Before making a decision, it's important to ask: “How much time do I really have?” Our brains move so fast that we tend to dive into decision-making without establishing how much time we need - or how much time we can reasonably get. If you start each decision with a clear sense of how much time you have, or how much time you want to take – and if this time frame is top-of-mind as you’re deciding – you’re less likely to drag out decisions that should be made more quickly or decide too soon when you have more time to think things through. Once you've established a time frame, ask yourself: “How much information would any person in this situation need in order to decide well?” If you have time to obtain the necessary information, then take it. If information you need isn't available or knowable, accept that. Don’t move too quickly if taking time is better for your choice, and don't move too slowly if time isn't on your side. And remember: if the stakes are low, or if the decision is reversible (if you can take it back), then you may not want to belabor your choice, even if you have all the time in the world. Check out my guide, "How to Protect Your Brain from Decision Fatigue," to learn more.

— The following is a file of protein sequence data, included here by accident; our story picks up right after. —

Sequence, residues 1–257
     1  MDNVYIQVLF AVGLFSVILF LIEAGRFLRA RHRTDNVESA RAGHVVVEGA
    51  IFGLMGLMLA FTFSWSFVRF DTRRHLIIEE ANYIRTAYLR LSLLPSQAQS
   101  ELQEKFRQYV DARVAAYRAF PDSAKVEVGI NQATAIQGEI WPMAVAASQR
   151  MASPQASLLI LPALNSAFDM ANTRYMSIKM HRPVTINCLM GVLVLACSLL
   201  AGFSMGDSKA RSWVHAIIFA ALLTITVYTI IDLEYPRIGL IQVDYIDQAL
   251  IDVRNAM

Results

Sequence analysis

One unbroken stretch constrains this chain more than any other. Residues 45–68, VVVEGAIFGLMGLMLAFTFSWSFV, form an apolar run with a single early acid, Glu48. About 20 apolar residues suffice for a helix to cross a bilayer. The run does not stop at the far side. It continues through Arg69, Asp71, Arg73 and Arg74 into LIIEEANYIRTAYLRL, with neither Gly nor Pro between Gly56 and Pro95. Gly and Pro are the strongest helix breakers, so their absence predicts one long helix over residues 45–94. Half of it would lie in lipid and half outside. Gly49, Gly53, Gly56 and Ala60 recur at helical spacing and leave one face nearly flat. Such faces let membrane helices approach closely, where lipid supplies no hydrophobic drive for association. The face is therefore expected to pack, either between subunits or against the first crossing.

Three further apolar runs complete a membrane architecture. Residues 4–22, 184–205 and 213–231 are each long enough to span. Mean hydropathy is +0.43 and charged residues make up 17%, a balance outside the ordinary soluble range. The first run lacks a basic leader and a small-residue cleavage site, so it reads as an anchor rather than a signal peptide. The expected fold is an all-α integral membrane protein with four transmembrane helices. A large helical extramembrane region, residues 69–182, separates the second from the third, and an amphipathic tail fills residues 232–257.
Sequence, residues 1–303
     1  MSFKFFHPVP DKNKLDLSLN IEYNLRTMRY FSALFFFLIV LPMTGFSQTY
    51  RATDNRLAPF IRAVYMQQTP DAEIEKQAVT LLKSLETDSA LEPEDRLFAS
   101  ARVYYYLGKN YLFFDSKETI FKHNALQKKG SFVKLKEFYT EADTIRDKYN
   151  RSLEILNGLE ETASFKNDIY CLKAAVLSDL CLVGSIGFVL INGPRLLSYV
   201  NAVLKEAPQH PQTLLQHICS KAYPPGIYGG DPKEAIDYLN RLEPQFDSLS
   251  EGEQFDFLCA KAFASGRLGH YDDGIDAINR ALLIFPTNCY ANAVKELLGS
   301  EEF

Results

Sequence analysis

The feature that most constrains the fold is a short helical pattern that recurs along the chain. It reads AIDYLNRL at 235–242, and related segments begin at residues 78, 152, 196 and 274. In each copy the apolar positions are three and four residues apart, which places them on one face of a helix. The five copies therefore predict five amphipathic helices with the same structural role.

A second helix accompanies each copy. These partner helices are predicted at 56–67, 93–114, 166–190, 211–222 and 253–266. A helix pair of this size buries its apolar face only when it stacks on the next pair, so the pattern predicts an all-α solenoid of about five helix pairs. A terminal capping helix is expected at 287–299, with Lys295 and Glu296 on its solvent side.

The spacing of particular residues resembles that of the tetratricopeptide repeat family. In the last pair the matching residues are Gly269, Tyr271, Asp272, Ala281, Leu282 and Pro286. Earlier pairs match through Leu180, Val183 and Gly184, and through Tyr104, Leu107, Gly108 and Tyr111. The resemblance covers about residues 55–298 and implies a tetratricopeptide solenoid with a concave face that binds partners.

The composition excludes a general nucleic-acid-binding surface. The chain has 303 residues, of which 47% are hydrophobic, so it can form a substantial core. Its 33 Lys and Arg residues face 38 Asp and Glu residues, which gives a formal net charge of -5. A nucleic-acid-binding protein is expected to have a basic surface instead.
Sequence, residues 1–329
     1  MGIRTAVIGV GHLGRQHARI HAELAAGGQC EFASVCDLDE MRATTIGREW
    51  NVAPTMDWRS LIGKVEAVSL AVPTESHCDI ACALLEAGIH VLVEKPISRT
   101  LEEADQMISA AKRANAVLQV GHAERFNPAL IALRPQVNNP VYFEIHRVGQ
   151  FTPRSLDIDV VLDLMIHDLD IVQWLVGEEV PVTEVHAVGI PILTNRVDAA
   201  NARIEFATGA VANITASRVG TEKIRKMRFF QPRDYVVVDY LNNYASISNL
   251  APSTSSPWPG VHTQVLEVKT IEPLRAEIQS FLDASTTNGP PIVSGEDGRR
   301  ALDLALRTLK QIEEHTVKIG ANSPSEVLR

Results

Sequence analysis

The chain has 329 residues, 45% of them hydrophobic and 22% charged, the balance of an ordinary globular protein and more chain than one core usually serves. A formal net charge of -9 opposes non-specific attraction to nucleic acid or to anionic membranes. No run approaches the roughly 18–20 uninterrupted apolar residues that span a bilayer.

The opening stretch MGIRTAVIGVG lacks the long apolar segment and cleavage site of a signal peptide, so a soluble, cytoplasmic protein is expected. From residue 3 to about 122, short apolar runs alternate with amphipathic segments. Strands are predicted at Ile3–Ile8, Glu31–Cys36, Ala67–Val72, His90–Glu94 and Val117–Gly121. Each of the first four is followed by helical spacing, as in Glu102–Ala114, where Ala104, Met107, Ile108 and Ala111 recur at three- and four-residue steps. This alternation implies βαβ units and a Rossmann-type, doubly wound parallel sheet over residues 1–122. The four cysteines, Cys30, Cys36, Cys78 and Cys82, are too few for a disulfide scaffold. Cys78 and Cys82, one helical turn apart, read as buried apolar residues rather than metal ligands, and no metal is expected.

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I make decisions but I can’t follow through with them. Why?